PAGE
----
Russia cuts two time zones
MOSCOW – Russia’s president thought the country had too much time on its hands, so on Sunday he eliminated two of its 11 time zones.
The changes mean that Chukotka – Russia’s eastern extreme, just across the Bering Strait from Alaska – is now nine hours ahead of Russia’s westernmost area, the Kaliningrad exclave sandwiched between Lithuania and Poland. Formerly, there was 10 hours’ difference.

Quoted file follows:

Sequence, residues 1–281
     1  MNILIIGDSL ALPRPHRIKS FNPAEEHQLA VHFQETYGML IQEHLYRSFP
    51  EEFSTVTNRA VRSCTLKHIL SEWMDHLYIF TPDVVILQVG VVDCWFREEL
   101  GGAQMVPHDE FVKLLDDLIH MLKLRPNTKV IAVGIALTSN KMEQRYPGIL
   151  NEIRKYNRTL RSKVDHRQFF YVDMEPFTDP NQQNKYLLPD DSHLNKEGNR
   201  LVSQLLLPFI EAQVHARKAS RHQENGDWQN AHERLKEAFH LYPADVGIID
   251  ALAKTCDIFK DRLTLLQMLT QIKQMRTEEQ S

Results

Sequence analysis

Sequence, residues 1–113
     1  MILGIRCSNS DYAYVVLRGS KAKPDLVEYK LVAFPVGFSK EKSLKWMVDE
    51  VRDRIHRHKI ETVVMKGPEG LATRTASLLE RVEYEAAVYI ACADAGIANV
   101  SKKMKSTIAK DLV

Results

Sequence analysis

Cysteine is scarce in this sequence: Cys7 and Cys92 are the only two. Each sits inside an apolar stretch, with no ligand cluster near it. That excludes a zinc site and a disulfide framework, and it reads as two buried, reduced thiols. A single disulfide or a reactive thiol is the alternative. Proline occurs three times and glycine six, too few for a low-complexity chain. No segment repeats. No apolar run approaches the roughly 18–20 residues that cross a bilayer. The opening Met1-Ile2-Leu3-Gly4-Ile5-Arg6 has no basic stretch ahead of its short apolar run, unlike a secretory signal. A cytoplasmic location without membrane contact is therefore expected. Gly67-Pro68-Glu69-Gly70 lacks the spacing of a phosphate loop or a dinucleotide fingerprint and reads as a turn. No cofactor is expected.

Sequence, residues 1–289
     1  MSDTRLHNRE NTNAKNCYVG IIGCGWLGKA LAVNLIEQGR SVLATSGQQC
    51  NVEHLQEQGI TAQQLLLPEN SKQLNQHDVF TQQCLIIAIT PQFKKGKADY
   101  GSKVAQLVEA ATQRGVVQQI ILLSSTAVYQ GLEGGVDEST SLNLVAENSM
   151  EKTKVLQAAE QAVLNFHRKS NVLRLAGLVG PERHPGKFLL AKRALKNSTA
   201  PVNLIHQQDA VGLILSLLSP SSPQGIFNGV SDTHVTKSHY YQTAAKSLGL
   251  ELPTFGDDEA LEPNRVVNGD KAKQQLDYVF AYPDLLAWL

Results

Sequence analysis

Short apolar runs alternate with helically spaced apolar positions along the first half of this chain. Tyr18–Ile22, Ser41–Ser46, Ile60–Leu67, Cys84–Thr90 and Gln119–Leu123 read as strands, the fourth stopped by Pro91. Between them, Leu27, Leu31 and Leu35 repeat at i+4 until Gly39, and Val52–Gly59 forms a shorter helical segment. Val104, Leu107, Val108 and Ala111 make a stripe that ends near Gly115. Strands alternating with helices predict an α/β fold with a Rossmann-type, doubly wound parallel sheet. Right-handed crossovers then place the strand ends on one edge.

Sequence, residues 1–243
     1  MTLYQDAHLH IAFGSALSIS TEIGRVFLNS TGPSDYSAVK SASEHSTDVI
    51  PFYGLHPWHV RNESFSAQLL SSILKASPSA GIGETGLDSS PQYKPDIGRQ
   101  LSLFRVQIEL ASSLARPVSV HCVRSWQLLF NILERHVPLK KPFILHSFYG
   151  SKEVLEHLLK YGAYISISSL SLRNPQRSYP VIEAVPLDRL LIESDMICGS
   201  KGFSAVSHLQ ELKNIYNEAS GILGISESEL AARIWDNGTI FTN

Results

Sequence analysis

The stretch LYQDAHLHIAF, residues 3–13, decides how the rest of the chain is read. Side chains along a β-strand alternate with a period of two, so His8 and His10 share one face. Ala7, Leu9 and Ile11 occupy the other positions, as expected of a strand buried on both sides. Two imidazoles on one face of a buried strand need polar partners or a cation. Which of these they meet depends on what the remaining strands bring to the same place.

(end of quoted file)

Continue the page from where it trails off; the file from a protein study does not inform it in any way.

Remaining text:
As well as eliminating the time zone that previously covered the Chukotka and Petropavlovsk-Kamchatsky regions in the Pacific Far East, President Dmitry Medvedev ordered that Samara and Udmurtia, two regions in central Russia, should be on the same time as Moscow.
The changes went into effect before dawn Sunday when most of Russia switched to daylight saving time. People in the eliminated time zones didn’t move their clocks an hour ahead.
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